Cross coupling of the respective energies of the two antennas may be greatly reduced in an aperture in accordance with the invention. The first and second frequency bands may be orthogonally polarized from each other. As one example, the waveguides which radiate the first, higher frequency band may be vertically polarized while the notch antenna which radiates the second, lower frequency band may be horizontally polarized. In FIG. 1, the arrows in the broad walls represent the horizontal polarization of the notch antenna while the field of the waveguide antenna itself would be parallel to the short waveguide walls. Therefore, the notch elements will not receive energy radiated by the waveguides 12 and 14. Additionally, the notch antenna array comprising the notch elements is used to radiate energy at a frequency below the cutoff frequency of the waveguide element antenna array, thus no cross-coupling of the second frequency band into the waveguides occurs. In one embodiment, a nominal two-to-one separation between the frequency bands was used.

Additionally shown in FIGS. 1 and 2 are chokes 30 and 32. Chokes 30 and 32 may be implemented by plates shorting adjacent waveguides and located so as to create a one-quarter wavelength slot or notch. The distance 34 of the shorting plate from the open waveguide end is one-quarter wavelength of the frequency of operation of the notch antenna. In FIG. 2, the shorting plate creating choke 32 is shown shorting waveguide 14 and waveguide 36. The distance 34 of the shorting plates to form chokes may differ from the distance 18 of the shorting plate to form the excited notch 20. As discussed above, the distance 18 to form excited notch 20 may be adjusted to achieve desired impedance matching requirements while the choke depth is adjusted for best isolation.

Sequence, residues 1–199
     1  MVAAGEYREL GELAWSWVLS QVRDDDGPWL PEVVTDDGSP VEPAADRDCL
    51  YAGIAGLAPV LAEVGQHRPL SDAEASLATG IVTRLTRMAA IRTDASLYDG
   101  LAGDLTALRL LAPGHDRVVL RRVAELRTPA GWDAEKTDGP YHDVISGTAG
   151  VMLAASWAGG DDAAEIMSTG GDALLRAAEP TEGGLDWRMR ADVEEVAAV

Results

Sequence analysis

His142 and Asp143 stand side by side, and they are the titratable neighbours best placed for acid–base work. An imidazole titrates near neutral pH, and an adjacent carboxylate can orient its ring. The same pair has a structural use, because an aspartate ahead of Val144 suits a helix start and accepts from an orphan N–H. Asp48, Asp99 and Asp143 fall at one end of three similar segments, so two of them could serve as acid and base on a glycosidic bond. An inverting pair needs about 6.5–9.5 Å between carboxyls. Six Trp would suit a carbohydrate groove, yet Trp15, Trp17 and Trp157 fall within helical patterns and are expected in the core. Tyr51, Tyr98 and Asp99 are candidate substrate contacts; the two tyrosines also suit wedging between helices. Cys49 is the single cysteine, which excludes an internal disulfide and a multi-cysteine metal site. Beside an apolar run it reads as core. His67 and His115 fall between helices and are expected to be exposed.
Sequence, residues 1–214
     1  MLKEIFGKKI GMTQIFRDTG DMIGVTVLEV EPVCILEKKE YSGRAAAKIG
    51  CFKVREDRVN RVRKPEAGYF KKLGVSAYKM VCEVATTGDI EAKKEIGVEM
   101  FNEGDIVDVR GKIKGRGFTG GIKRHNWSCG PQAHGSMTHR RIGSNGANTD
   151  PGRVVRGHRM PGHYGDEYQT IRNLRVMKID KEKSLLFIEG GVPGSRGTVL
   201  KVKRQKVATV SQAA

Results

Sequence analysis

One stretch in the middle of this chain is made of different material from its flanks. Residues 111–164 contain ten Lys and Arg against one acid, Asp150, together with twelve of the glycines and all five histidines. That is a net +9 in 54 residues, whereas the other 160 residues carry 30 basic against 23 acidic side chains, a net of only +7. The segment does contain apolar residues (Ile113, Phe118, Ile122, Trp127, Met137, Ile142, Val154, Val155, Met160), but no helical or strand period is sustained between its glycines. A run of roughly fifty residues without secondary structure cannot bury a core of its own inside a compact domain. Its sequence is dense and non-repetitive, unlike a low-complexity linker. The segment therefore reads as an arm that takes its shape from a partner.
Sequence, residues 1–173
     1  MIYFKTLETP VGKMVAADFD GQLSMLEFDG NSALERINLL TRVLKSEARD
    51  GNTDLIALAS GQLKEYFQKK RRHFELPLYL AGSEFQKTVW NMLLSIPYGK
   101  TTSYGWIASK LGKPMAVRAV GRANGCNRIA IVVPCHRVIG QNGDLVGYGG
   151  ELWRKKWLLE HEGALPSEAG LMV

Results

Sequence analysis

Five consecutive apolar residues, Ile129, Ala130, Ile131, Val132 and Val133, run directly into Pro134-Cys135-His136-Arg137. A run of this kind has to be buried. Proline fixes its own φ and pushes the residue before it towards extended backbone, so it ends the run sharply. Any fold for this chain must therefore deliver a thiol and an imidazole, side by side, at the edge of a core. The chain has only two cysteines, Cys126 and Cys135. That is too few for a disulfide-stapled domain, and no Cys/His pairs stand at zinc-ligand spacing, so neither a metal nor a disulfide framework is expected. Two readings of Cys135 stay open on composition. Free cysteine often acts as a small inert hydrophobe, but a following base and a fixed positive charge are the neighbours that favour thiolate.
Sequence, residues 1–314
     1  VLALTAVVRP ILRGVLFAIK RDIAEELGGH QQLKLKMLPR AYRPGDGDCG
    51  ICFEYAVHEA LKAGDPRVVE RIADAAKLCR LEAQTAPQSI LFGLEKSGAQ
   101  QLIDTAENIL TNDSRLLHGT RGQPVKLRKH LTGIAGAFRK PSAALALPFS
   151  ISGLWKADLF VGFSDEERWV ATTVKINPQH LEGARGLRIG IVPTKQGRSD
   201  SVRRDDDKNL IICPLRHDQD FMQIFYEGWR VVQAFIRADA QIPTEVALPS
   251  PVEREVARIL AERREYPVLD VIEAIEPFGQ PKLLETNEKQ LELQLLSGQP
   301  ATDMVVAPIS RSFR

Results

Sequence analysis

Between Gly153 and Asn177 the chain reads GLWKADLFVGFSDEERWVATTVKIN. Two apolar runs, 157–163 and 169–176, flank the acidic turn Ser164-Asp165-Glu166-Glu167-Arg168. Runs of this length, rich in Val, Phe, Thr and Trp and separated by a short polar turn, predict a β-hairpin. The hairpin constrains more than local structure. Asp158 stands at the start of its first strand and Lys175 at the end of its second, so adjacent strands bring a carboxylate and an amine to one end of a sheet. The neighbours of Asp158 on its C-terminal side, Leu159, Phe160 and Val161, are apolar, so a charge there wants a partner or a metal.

Referring now to FIG. 3, an aperture 38 comprising three antennas is shown. The first antenna comprises an array of open-ended waveguides 40. The second and third antennas are formed by interconnecting these waveguides as described below. All three antennas coexist in the same aperture 38 and share the same phase center and physical structure. The open ends of the waveguides 40 are located in a common plane and are the building blocks for all three antennas. The numeral 40 is shown pointing to only one waveguide in FIG. 3 to preserve clarity but it is meant to indicate all waveguides in the aperture 38.

A first antenna is formed by the array of waveguides 40 alone which are used to radiate in a first frequency band. The waveguides are spaced at approximately one-half wavelength apart for the first frequency band and have a feed system for each waveguide (not shown) which may be conventional.

A second antenna is formed in the aperture 38 by coupling two adjacent waveguides 40 together to form a notch antenna element 42 in the manner described above and shown in FIGS. 1 and 2. Each notch antenna element 42 in the second antenna requires two adjacent high frequency waveguides 40 to make one notch antenna element 42. While the numeral 42 is directed to only one notch antenna element in the figure, it is means to include all such elements. It has been restricted to pointing at only one to retain clarity in the figure. Likewise, the feed device 22 is labeled by numeral 22 in only select cases in the figure to preserve clarity but each notch antenna element is meant to have a feed. The spacing between notch elements 42 is approximately twice that of the waveguide elements 40. Because the wavelength of the frequency band radiated by the notch antenna elements 42 of the second antenna is approximately twice that of the high frequency band radiated by the individual waveguide elements 40, the notch antenna element 42 spacing is the same in wavelengths as in the first antenna which is desirable. Thus, an aperture in accordance with this arrangement may radiate two frequency bands which are an octave apart.